Love doesn’t always last forever, but you’d think that couples who’ve been married 20, 30 or even 40 years were solid as a rock. That’s why it can be a surprise to see couples in their 50s, 60s, and 70s announce their separation.
“Why now, after all this time?” we might ask ourselves. However, while there have been some recent high-profile splits, “Gray Divorces” – the term referring to the demographic trend of an increasing divorce rate for older couples in long-lasting marriages – are a more common phenomenon than we might think.
From baby boom to bust
According to the US Census Bureau, while the country’s overall divorce rate has been declining since the 1990s, over the same period there has been an upward trend for divorce among adults 50 years or older.1 And, according to the Pew Research Center, a significant share of later life divorces occur among couples who have been married for 30 years or more.2
So why are so many baby boomer marriages breaking down? There are a number of reasons for the rising divorce rates, so much so that it’s difficult to pinpoint any one contributing cause.
Today, there is much less stigma associated with divorce. There’s also some truth in the clichés of husbands of a certain age leaving their wives for younger women but identity crises are not exclusive to men. “Empty nesters” who are suddenly free of the responsibilities of bringing up their children find themselves without their long-held role in life. Most people also get this feeling upon retirement. “What now?” For some, it simply means taking up golf; for others, questioning everything in life, including marriage.
Now or never?
People often feel the psychological pressure of “now or never,” a sense of needing to find fulfilment in life before it’s too late. For some, this could mean exploring a new direction in life on their own. News of famous senior couples separating also serves to normalize later life divorce, making it more socially acceptable to be a “Silver Splitter (an alliterative term for someone who divorces or separates from his/her partner later in life)” and emboldening people to take that leap towards a new life.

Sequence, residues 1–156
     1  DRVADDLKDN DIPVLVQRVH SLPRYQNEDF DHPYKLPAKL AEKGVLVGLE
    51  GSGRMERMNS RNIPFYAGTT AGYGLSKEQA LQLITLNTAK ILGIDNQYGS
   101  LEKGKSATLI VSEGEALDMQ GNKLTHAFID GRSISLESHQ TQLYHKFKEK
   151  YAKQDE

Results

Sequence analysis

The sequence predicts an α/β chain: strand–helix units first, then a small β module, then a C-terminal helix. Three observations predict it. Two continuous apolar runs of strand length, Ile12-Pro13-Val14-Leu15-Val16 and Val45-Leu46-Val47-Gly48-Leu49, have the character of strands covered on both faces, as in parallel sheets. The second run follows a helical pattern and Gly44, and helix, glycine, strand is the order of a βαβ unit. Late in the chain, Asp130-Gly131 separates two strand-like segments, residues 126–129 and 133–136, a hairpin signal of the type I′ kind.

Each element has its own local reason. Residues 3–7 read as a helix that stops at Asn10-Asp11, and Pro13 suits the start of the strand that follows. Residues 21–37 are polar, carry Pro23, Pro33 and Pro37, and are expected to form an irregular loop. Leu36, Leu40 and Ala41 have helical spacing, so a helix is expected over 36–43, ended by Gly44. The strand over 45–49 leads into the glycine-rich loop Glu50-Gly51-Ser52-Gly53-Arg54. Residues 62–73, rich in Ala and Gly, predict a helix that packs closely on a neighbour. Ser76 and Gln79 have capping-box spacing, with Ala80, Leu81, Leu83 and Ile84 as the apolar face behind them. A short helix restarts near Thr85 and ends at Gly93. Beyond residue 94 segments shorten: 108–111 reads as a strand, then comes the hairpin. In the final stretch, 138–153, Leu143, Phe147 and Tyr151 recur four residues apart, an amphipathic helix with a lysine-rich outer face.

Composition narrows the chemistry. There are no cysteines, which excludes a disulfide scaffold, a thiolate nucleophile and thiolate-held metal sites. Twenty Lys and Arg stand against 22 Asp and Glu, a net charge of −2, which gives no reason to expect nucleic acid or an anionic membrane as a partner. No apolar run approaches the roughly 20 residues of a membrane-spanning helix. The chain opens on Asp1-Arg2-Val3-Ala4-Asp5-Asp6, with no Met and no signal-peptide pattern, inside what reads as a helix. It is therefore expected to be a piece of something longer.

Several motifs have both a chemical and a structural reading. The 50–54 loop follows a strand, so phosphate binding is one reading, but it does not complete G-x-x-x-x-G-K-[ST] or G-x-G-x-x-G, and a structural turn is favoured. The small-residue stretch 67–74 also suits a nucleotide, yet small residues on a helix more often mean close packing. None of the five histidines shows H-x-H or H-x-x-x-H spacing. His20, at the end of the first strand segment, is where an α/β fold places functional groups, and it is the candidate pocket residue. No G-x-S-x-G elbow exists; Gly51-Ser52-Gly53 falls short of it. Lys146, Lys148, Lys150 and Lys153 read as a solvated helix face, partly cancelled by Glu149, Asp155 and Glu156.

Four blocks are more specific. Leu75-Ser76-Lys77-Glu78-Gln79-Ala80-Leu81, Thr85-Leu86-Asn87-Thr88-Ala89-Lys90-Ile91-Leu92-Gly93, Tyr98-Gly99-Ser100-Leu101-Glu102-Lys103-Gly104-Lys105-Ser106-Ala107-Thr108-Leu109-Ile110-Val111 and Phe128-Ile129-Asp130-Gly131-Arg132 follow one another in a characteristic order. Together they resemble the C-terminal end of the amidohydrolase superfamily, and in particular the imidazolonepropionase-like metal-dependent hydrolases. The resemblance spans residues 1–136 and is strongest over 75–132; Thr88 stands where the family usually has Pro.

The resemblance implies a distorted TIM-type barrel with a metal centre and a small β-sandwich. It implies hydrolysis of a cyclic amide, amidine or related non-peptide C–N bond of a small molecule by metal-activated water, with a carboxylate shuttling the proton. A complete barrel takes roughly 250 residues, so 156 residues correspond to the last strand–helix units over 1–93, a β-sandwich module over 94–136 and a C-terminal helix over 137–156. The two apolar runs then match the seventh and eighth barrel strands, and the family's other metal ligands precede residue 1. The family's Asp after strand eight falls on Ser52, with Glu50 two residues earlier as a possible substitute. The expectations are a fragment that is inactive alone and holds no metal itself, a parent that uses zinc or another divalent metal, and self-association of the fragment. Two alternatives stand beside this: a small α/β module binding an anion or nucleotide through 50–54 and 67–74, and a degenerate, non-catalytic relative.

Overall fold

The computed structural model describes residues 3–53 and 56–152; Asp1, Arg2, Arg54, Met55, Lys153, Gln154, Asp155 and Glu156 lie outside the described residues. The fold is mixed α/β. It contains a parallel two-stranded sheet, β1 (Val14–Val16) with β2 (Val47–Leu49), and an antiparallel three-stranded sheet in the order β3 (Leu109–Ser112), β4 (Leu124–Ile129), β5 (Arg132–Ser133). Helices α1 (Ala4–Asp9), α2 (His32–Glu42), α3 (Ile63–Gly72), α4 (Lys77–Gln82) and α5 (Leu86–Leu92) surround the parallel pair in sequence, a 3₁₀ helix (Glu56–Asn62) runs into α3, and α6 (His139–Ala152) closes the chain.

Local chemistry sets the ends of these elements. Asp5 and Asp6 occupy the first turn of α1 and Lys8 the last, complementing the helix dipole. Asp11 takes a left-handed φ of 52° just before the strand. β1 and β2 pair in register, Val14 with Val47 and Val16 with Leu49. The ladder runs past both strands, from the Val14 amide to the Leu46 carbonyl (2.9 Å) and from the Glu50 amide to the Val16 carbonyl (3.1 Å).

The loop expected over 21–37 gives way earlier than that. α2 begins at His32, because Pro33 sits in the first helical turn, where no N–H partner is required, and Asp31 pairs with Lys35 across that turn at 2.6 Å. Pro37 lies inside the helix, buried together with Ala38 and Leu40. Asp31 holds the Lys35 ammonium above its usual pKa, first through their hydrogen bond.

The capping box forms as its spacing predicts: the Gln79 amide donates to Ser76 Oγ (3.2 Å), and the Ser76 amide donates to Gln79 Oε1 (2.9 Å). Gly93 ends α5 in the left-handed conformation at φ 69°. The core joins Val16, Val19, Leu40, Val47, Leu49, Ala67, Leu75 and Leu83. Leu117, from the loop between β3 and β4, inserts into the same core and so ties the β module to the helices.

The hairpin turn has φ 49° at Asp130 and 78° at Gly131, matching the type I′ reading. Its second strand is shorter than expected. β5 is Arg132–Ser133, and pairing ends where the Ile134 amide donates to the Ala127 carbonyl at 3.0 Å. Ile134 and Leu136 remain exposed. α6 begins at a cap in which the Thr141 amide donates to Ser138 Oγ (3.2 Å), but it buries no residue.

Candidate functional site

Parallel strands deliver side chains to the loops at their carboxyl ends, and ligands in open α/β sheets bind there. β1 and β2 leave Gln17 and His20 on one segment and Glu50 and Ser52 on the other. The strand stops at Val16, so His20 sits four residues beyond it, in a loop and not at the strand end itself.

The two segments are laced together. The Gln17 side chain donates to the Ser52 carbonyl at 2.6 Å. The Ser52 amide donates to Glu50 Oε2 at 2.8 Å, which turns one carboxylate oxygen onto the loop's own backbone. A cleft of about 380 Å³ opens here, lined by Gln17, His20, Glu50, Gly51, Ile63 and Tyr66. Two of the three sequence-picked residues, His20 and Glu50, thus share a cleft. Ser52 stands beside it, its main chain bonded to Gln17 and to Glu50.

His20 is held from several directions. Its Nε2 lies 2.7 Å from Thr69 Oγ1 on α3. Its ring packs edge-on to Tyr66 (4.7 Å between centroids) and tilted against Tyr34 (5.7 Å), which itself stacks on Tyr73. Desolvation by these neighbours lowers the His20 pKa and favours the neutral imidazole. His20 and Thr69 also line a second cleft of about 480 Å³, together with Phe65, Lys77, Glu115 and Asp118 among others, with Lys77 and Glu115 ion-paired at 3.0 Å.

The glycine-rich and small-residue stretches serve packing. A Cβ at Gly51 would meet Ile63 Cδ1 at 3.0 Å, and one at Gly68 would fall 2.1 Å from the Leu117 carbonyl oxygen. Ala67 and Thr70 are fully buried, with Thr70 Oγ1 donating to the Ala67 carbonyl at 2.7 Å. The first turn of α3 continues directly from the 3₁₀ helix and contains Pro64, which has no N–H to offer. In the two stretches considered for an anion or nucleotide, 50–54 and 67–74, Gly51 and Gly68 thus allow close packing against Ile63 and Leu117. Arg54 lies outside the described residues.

COVID-19 has also exacerbated many challenges, from the financial to the emotional, forcing many people to make major lifestyle changes – even divorce.
Last year, it was predicted that the pandemic would cause an increase in the divorce rate as research revealed3 an increase in divorce enquiries. Long-married couples, who in pre-pandemic times had lived pretty much separate lives due to career commitments, suddenly found themselves having to spend most of their time together, only to realize they don’t actually have much in common. The pressure of coping with life in such an unprecedented time has been too much for some marriages to withstand.
Financially independent women
For men and women, financial insecurity can be a reason for staying in an unhappy marriage. However, in previous generations, women were far less likely to work outside the home and were far more dependent on their spouses for financial security.
Today, women are well-established in the workforce, and now have the income they need to survive on their own, if they decide to leave their marriages.
Being prepared for life
Planning for your finances revolves around life’s major events, from marriage to mortgage to retirement, and being prepared for life means protecting ourselves against the unexpected, but how many of us plan for the possibility of divorce in later life?
At New York Life, our financial professionals can help you successfully navigate life’s biggest choices, whatever challenges life brings us.
1 “Love and Loss Among Older Adults.” United States Census Bureau. Gurrentz, Benjamin and Mayol-Garcia, Yeris. April 22, 2021. Accessed 28 May, 2021. https://www.census.gov/library/stories/2021/04/love-and-loss-among-older-adults.html
2 “Led by Baby Boomers, divorce rates climb for America’s 50+ population.” Stepler, Renee. March 9, 2017. Accessed 27 May, 2021. https://www.pewresearch.org/fact-tank/2017/03/09/led-by-baby-boomers-divorce-rates-climb-for-americas-50-population/
3US Divorce Rates Soar During COVID-19 Crisis.” Moric, Mollie. July 29, 2020. Accessed 27 May, 2021.
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